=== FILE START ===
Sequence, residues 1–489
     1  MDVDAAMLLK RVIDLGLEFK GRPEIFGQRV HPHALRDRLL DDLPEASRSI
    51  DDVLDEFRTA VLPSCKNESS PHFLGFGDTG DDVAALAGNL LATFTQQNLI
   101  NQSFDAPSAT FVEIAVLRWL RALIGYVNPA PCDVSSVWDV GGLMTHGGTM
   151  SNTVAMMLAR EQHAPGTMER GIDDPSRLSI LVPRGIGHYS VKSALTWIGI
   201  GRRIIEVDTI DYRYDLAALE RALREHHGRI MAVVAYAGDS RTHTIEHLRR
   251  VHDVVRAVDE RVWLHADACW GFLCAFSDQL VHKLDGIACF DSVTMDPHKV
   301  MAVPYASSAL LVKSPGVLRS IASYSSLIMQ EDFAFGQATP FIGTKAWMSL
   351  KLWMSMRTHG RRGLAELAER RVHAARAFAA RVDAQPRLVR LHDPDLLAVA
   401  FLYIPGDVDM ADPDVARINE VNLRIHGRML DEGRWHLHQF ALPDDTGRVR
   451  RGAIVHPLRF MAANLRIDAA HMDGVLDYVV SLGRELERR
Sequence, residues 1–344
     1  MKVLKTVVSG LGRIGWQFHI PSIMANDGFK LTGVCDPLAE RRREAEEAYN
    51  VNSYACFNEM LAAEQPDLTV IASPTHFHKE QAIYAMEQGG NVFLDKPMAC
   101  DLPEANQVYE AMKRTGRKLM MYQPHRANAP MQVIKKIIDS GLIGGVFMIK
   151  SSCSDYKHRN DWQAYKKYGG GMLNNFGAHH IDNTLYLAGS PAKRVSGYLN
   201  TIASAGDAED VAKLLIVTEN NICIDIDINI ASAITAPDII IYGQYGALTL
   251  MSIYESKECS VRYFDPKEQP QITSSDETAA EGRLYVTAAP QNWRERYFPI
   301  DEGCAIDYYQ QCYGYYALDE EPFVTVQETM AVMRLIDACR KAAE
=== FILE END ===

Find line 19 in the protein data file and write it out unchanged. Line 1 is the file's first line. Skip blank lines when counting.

   301  DEGCAIDYYQ QCYGYYALDE EPFVTVQETM AVMRLIDACR KAAE